What value does Ponyboy find in The poem "Nothing Gold Can Stay" by Robert Frost?

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When Ponyboy initially recites Robert Frost's poem "Nothing Gold Can Stay," he is watching the beautiful, inspiring sunset while hiding out in Windrixville. Pony tells Johnny that he does not understand the poem's meaning but is attracted to its imagery, which corresponds to the amazing sunset. At the end of the novel, Ponyboy reads Johnny's final letter, which explains the meaning of the poem "Nothing Gold Can Stay." In the letter, Johnny tells Ponyboy that Robert Frost is speaking about innocence and encourages him to always "stay gold" by cherishing the positive moments in life. After reading Johnny's letter, Ponyboy is inspired to share his message with the hundreds of other boys in America living difficult lives on the streets. With Johnny's help, Pony finds inspiration in the poem "Nothing Gold Can Stay" and encourages other adolescents to cherish the positive moments in life while retaining some of their childhood innocence. By reminding the countless adolescents struggling day-to-day to cherish sunsets and "stay gold," Ponyboy hopes to make a positive difference in the world.

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     "Nothing Gold Can Stay" is a poem by Robert Frost.  Ponyboy learned this poem in English class.  He remembers it when he is watching the sunrise with Johnny, while they are hiding out in the church in Windrixville.  He recites the poem, but feels as though he is missing the meaning.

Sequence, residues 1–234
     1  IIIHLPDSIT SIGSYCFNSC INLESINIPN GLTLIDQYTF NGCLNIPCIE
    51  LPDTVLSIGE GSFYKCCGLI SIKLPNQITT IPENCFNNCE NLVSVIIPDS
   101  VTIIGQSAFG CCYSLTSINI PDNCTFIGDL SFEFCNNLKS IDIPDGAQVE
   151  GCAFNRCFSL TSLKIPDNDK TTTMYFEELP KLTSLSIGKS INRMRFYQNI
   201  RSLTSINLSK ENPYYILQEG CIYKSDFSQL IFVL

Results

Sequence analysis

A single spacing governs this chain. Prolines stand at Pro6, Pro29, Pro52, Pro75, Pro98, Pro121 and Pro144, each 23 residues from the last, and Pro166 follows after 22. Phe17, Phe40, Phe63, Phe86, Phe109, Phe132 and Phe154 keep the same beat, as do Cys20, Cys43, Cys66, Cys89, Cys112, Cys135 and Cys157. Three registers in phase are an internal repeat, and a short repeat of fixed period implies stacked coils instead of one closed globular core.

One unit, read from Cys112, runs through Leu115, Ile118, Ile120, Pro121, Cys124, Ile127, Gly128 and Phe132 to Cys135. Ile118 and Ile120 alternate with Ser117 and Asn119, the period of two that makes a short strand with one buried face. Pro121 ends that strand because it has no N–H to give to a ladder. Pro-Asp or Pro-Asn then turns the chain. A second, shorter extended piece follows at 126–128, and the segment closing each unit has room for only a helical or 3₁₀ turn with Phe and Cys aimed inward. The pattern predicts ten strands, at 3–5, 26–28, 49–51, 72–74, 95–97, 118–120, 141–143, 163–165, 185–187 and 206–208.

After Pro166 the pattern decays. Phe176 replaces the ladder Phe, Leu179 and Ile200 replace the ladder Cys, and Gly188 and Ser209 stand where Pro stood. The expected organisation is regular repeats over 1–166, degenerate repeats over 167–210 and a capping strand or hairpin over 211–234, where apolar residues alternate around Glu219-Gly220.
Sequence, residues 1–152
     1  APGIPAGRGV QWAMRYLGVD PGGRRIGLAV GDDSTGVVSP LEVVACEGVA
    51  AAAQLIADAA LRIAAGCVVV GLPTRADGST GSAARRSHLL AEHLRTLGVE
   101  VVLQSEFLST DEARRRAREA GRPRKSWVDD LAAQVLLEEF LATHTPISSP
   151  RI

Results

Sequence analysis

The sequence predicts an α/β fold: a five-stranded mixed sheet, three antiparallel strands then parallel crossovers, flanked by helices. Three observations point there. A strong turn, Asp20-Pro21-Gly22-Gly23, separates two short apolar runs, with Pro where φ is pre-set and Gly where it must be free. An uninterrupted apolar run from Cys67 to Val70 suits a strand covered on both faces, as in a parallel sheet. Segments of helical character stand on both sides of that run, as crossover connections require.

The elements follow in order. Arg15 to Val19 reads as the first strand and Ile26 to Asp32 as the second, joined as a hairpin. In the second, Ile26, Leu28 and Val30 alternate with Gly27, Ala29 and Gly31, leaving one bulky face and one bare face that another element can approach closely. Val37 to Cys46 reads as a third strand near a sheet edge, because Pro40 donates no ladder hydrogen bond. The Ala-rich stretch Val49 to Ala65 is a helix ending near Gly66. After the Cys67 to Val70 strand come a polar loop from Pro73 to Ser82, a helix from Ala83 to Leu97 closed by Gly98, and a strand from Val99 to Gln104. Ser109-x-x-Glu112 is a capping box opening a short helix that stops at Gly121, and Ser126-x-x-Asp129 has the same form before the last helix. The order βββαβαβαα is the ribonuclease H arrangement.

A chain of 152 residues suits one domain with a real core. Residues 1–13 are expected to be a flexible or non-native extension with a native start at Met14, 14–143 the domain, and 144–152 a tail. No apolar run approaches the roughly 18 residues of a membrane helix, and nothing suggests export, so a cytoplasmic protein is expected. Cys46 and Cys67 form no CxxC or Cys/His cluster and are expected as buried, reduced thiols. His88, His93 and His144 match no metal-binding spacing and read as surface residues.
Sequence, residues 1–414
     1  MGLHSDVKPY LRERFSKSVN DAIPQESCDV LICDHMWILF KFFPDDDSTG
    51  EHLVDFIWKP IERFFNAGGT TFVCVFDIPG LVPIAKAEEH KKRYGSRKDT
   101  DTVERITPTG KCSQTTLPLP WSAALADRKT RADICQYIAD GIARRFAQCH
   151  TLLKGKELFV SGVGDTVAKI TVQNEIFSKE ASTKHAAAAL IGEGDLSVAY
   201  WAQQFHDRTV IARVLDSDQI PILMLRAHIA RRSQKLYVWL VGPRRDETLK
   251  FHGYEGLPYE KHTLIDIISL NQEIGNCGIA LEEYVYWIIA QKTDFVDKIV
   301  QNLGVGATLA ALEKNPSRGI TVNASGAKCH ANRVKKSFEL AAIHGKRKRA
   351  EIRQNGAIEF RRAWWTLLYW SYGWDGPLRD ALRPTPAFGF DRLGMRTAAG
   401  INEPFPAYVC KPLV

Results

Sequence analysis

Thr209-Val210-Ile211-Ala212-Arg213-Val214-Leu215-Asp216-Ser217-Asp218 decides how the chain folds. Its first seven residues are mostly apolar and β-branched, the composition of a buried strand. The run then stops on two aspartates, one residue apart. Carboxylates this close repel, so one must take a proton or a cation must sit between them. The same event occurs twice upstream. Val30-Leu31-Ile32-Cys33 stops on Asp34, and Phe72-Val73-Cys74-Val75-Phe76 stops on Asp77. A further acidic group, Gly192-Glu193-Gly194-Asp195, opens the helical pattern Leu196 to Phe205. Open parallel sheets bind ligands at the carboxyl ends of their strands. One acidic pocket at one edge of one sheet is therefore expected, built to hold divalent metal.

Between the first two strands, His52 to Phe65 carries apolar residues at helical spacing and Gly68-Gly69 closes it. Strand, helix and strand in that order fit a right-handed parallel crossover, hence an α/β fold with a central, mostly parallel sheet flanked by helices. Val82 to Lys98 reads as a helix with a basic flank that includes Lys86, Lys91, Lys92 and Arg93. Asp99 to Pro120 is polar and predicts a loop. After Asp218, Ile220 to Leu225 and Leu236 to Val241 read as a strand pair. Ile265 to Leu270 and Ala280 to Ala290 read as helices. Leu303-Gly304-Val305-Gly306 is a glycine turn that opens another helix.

Later on, after Johnny tells Ponyboy to "stay gold", Ponyboy finds the meaning in the poem.  The poem reflects the boys' loss of innocence in their harrowing experiences as Greasers.  After the murder, the boys are irrevocably changed.  Ponyboy realizes that Johnny wants Ponyboy to continue to see the good in the world.  In Johnny's letter to Pony, he expresses that he believes that though he knows he will die from his injuries, it was worth it to save the innocent children.  He is seeing the good. 

     In "Nothing Gold Can Stay", the speaker refers to Eden, or the biblical loss of innocence.  When Pony grasps this meaning, he decides to write his theme for English class, which is the story told in the novel. Pony is thinking of all the young men he knows who have suffered and have been deprived of seeing the good, the innocence, or the "gold" in the world.  Through his writing, he hopes to change that.

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